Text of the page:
ZFIN ID: ZDB-PUB-061020-38
The transcription factor six1 inhibits neuronal and promotes hair cell fate in the developing zebrafish (Danio rerio) inner ear
Bricaud, O., and Collazo, A.
Date: 2006
Source: The Journal of neuroscience : the official journal of the Society for Neuroscience   26(41): 10438-10451 (Journal)
Registered Authors: Bricaud, Olivier, Collazo, Andres
Keywords: six1, zebrafish, inner ear, hair cell, neuron, development
MeSH Terms:
  • Animals
  • Ear, Inner/embryology*
  • Ear, Inner/metabolism
  • Gene Expression Regulation, Developmental/physiology
  • Hair Cells, Auditory, Inner/embryology*
  • Hair Cells, Auditory, Inner/metabolism
  • Homeodomain Proteins/biosynthesis*
  • Homeodomain Proteins/genetics
  • Humans
  • Neural Inhibition/physiology*
  • Neurons/metabolism
  • Transcription Factors/biosynthesis*
  • Transcription Factors/genetics
  • Zebrafish
  • Zebrafish Proteins/biosynthesis*
  • Zebrafish Proteins/genetics
PubMed: 17035528 Full text @ J. Neurosci.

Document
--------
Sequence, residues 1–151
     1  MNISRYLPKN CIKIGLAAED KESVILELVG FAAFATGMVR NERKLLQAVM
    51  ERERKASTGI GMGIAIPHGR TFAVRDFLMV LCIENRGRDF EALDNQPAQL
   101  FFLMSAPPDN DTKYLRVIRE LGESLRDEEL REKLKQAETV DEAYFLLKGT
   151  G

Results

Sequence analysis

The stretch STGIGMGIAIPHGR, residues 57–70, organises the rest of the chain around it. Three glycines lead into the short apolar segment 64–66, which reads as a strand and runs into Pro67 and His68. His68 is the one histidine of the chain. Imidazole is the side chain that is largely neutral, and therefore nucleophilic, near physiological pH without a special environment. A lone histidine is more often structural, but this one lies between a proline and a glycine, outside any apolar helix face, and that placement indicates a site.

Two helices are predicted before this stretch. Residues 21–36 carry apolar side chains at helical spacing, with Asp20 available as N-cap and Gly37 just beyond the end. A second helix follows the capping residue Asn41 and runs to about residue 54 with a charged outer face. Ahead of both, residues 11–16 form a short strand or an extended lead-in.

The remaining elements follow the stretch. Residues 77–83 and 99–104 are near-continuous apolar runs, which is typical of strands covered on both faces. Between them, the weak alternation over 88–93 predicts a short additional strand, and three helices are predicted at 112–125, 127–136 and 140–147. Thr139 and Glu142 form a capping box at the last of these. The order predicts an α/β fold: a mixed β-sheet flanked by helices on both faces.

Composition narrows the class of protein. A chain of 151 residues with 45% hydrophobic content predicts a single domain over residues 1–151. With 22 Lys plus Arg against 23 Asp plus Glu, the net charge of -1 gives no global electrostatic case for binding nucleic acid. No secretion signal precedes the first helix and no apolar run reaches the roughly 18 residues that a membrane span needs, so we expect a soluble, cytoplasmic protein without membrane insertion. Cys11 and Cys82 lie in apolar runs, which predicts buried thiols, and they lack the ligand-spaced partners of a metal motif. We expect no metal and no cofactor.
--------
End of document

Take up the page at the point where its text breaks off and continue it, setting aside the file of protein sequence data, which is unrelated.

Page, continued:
The developmental processes leading to the differentiation of mechanosensory hair cells and statoacoustic ganglion neurons from the early otic epithelium remain unclear. Possible candidates include members of the Pax-Six-Eya-Dach (paired box-sine oculis homeobox-eyes absent-dachshund) gene regulatory network. We cloned zebrafish six1 and studied its function in inner ear development. Gain- and loss-of-function experiments show that six1 has opposing roles in hair cell and neuronal lineages. It promotes hair cell fate and, conversely, inhibits neuronal fate by differentially affecting cell proliferation and cell death in these lineages. By independently targeting hair cells with atoh1a (atonal homolog 1a) knockdown or neurons with neurog1 (neurogenin 1) knockdown, we showed that the remaining cell population, neurons or hair cells, respectively, is still affected by gain or loss of six1 function. six1 interacts with other members of the Pax-Six-Eya-Dach regulatory network, in particular dacha and dachb in the hair cell but not neuronal lineage. Unlike in mouse, six1 does not appear to be dependent on eya1, although it seems to be important for the regulation of eya1 and pax2b expression in the ventral otic epithelium. Furthermore, six1 expression appears to be regulated by pax2b and also by foxi1 (forkhead box I1) as expected for an early inducer of the otic placode. Our results are the first to demonstrate a dual role for a member of the Pax-Six-Eya-Dach regulatory network in inner ear development.